Justin Lim's Reviews > The Mockingbirds

The Mockingbirds by Daisy Whitney
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M_50x66
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May 21, 12

Read in May, 2012

The book "The Mockingbirds" is author Daisy Whitney's first novel, and it definitely makes itself evident throughout the novel. The book follows Alex, the protagonist, through her experience after being date raped by a guy named Carter. What follows is a shallow cliche tale of a girl shunned by society, only to turn to her two gal pals and a new love interest who is actually a member of an organization of vigilante high school kids. This secret society keeps the peace by punishing wrongdoers through unseen methods such as marking them absent when taking the attendance to the office... truly heart-stopping justice at play.
The author herself was a victim of date rape when she was younger, and it is implied that this is her way of expressing how she feels on the topic, yet the expression could not be any less clear than it is to most readers such as myself. Among the many plot holes in the book, one of the most confusing issues was that Alex had gotten herself drunk by her own choice, willingly gone with Carter, and then ended up sleeping with him, and suddenly that's date rape. Not saying that none of this was Carters fault, but in all honesty the fact that Alex being underage and willingly consuming dangerous amounts of alcohol is enough to throw this into controversy. This really doesn't help portray a message to people of what date rape really is, seeing as this rape was partly a result of Alex's foolish decisions, as opposed to the kind of date rape that happens when some twisted sick creep comes along and spikes your drink with rohypnol.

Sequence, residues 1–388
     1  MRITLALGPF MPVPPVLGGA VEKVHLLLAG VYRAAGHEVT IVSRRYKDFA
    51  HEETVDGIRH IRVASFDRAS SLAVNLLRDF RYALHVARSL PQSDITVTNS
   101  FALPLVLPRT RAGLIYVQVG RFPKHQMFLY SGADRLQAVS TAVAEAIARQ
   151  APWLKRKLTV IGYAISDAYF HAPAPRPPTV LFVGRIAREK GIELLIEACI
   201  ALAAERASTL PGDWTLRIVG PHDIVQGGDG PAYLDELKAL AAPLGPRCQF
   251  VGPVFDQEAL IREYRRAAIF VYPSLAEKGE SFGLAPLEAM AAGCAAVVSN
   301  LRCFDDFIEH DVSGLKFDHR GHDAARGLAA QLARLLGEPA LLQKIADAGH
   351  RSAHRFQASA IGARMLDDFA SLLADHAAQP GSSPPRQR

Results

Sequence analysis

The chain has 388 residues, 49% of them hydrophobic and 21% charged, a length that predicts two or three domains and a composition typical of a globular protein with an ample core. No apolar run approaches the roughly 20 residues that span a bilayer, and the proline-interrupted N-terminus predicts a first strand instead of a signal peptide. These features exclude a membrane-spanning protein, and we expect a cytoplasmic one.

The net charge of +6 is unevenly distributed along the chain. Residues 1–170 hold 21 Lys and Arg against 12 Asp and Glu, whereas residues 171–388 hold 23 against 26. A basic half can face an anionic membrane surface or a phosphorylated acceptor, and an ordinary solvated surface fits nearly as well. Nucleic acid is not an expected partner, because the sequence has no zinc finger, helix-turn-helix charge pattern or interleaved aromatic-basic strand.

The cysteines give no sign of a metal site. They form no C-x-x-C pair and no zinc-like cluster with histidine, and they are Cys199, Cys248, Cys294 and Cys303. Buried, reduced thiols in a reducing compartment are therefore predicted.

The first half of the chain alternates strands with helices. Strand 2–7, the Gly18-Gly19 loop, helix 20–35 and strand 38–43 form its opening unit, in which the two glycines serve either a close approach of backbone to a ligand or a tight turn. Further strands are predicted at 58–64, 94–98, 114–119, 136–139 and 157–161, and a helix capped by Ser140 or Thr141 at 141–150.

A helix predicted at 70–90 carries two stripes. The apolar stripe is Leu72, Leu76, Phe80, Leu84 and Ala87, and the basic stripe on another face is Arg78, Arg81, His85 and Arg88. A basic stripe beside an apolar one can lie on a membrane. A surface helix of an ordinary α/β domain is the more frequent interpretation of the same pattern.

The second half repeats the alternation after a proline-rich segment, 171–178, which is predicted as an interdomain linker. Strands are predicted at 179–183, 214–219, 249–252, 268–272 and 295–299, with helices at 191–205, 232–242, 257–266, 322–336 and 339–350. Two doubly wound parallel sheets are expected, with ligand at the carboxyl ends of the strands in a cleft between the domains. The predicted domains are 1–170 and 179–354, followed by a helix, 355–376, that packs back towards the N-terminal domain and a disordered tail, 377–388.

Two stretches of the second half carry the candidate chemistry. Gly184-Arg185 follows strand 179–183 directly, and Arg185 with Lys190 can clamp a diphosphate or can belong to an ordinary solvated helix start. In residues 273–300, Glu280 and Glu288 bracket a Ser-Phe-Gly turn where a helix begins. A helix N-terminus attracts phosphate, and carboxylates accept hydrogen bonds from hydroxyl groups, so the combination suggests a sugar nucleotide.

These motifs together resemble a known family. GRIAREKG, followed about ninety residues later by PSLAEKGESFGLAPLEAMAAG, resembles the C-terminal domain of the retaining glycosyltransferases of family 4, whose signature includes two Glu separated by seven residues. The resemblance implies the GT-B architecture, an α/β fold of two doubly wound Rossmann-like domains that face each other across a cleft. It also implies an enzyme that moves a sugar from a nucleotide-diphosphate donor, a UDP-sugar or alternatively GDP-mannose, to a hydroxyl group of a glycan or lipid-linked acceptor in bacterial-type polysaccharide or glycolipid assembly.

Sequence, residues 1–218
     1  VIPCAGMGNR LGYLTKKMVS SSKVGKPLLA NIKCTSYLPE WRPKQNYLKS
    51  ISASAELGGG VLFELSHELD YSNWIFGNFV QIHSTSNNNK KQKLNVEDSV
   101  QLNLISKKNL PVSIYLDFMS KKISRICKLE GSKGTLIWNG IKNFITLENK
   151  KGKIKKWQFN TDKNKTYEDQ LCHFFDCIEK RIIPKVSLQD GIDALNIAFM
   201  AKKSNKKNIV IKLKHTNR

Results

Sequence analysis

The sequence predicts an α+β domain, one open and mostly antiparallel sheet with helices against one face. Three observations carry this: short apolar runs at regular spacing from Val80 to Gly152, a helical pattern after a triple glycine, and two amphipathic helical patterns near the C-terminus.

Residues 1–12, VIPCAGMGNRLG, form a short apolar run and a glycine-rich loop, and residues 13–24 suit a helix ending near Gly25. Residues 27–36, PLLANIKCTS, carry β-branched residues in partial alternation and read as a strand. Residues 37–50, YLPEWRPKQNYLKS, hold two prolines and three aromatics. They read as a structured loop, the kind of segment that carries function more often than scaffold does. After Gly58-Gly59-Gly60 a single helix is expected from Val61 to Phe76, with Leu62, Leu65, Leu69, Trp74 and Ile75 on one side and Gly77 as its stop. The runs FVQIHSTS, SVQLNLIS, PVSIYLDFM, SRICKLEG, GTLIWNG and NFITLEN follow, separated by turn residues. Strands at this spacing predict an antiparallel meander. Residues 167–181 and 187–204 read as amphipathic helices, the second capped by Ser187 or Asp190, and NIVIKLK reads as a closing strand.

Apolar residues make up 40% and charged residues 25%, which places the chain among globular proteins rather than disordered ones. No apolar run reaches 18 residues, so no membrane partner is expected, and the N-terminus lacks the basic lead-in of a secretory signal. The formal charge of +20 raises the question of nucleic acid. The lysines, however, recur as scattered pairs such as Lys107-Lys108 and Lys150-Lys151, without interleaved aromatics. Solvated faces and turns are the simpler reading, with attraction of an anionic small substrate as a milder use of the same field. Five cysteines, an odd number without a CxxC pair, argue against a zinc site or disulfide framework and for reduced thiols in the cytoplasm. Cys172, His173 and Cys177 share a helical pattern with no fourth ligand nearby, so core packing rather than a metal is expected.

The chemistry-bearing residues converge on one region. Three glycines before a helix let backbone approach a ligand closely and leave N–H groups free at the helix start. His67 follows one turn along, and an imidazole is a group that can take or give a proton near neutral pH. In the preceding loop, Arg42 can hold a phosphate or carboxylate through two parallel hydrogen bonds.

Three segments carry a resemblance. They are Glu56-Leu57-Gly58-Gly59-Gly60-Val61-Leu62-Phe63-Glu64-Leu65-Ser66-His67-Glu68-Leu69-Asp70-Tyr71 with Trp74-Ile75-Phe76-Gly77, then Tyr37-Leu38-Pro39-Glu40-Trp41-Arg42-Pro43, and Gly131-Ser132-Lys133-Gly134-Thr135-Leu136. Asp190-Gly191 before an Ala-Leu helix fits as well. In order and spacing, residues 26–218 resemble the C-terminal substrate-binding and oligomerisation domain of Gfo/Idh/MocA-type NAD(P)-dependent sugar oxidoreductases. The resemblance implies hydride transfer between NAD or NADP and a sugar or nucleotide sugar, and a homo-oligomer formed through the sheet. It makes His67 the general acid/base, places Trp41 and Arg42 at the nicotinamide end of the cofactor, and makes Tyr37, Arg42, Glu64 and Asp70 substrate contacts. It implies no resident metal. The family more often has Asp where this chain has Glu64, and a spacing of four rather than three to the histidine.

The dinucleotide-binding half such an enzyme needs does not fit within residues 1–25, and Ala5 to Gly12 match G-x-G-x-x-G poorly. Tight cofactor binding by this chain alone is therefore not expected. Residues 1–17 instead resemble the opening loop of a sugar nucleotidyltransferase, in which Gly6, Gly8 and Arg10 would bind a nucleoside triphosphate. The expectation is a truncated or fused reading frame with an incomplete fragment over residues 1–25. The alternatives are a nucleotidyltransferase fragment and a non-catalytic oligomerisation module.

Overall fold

The reader is made even more confused later on when Alex recovers memories of her physical movements cooperating with the sexual intercourse, quote page 301 " I'm enjoying it, I'm enjoying it, I'm enjoying it. Then I open my eyes and I see my hands are on his back. My arms are around him.". From this point on I wasn't sure if I was reading a book about the horrible experience of date rape or the journal of a girl who made stupid decisions and then blamed other people because she didn't want to look "easy".
Aside from plot holes, I think that the book fails most when trying to separate itself from most teen reads, and instead decides to paint itself black and white stripes and go stand in the herd. The sheer lack of originality is enough to make me want to drop this book, as Alex is pestered by a group of "mean girls" as well as finding a prince charming who gives her the happily ever after that satisfies the hearts of millions of readers who have an apparent lack of taste for good literature.
The flaws aside, the underground society of young vigilantes is really quite intriguing, up until you realize that their rulings over very serious matters such as rape are handled with consequences comparable to leaving banana peels in the hallway. Overall I would be uneasy to recommend this book to anyone, and if wanting to read a book within the rape genre i would highly recommend "Speak", which really was the only rape themed book I've ever read that took the genre and really ran with it. The Mockingbirds is really just too rough around the edges and doesn't do justice to genres such as rape and underground society which can make for truly intriguing literature.
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